Bishop Urges Students To Put Their Faith In Action
During the Feb. 1 Catholic Schools Week Mass at St. Benedict Cathedral in Evansville, Bishop Charles C. Thompson urged students from the Diocese of Evansville’s 26 Catholic schools to put their faith in action.
“We are called to grow as members of the community,” the bishop said in his homily. “Our schools prepare people to be involved in our community. We must put our faith in action. Those who accept Jesus and accept his teaching are his disciples. That is the core of what we celebrate in Catholic schools … to know Jesus and to know how to bring others to him by the witness of our lives.”
Bishop Thompson told the young people that he recognizes and appreciates all of their great academic and athletic achievements – and their Catholic identity.
“As Bishop, my goal when it comes to Catholic schools is to make sure that, in the midst of all the great things that you do, there is a strong Catholic identity,” he said. He asked students in attendance what they thought of when they heard the term Catholic identity. Responses included going to Mass, serving others and receiving the Sacraments.
“Who is the center of all that? Jesus Christ,” the bishop said. “How Christ-centered are we in our lives? I look for that answer on the playground and the sports field, in the gym and the cafeteria. Are we remaining Christ-centered even beyond the doors and walls of our schools? Are we being consistent in the ways of Christ and the ways of our faith?”
Bishop Thompson discussed the 2017 theme for Catholic Schools Week :”Catholic Schools, Communities of Faith, Knowledge and Service.”
It’s one thing to know about Jesus,” he told the students. “It’s another to have a relationship with him. That relationship translates into service.”
He also discussed the 2016-17 diocesan theme for Catholic schools – “Educate, inspire and proclaim.”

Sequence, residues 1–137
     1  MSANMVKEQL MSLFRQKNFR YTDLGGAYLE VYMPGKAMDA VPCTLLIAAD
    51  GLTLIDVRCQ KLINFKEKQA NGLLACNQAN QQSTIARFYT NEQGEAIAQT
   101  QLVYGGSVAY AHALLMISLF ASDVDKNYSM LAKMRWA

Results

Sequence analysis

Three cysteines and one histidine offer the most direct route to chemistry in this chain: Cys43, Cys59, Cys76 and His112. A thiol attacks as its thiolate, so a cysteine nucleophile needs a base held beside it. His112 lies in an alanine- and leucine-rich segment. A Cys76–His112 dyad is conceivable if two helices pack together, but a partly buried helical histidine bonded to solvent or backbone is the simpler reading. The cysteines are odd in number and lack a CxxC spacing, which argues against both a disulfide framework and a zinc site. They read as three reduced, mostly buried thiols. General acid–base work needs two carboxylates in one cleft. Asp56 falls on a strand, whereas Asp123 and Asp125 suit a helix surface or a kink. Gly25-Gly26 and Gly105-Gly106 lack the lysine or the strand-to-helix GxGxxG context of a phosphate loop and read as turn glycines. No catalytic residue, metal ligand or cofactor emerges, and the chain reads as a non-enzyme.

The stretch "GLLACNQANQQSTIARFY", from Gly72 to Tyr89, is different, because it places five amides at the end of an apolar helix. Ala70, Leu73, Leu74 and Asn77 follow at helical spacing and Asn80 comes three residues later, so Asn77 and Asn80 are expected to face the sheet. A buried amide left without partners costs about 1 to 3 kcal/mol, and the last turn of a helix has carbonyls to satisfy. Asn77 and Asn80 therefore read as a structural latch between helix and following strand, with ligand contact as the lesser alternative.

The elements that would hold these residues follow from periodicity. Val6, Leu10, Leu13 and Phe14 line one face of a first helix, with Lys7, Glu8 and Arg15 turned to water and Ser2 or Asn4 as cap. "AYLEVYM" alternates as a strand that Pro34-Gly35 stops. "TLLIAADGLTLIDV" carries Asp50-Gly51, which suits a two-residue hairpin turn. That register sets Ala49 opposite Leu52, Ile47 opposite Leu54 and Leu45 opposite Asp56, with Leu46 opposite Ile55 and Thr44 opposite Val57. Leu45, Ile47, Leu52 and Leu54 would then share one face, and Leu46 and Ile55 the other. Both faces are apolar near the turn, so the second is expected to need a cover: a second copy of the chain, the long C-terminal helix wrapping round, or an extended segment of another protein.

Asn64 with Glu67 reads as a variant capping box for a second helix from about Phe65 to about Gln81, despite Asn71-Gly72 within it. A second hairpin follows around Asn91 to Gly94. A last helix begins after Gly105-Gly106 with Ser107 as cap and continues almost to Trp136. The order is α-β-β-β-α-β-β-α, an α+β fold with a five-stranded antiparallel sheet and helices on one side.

“Together, we proclaim our faith by our words and our deeds,” he said. “In today’s gospel (the reading for Feb. 1, which is Mark 6: 1-6), Jesus proclaims the word of God. The people kind of write him off. His own relatives had difficulty accepting Jesus because of the way they perceived he should be. They had difficulty accepting him as the Son of God because of who they thought he was.”
The bishop talked about how our perceptions of whom and what are good or popular impact how we view ourselves. “When focusing on the things we don’t have, we start to diminish the precious gift of who we are,” he said. “We fail to appreciate the gifts we have by focusing on the things we perceive we are lacking.”
Eighteen priests of the Diocese of Evansville concelebrated Mass with Bishop Thompson. All serve as pastor or associate pastor of parishes with Catholic schools. Deacon David Seibert and Deacon Joseph Siewers assisted.
Bishop Thompson and Diocesan Superintendent of Schools Dr. Daryl Hagan thanked St. Benedict Cathderal Parish for hosting the annual Mass and the planning committee from Evansville’s Mater Dei High School for organizing the Mass. Each of the diocese’s four high schools are responsible for the annual Catholic Schools Mass on a rotating basis.